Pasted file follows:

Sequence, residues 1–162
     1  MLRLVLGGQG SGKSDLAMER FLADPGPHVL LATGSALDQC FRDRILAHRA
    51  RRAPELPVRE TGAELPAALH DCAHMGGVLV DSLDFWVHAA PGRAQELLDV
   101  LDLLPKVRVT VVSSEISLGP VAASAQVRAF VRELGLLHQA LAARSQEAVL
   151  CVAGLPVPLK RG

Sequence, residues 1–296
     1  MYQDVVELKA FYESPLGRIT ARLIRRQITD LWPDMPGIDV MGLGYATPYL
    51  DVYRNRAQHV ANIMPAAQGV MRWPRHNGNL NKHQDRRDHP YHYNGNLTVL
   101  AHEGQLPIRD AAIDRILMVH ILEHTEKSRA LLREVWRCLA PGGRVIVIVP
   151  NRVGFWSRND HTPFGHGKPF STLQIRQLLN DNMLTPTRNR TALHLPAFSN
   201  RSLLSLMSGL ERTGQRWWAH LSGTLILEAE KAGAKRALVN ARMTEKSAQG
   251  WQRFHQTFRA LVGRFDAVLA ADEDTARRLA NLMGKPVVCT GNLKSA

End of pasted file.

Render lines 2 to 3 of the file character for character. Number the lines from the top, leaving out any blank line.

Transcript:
     1  MLRLVLGGQG SGKSDLAMER FLADPGPHVL LATGSALDQC FRDRILAHRA
    51  RRAPELPVRE TGAELPAALH DCAHMGGVLV DSLDFWVHAA PGRAQELLDV